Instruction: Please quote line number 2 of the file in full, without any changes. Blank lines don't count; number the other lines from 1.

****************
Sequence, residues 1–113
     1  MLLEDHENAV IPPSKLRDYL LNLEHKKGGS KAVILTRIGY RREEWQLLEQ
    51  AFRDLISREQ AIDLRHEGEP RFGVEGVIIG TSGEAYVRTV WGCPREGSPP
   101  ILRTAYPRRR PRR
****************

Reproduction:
     1  MLLEDHENAV IPPSKLRDYL LNLEHKKGGS KAVILTRIGY RREEWQLLEQ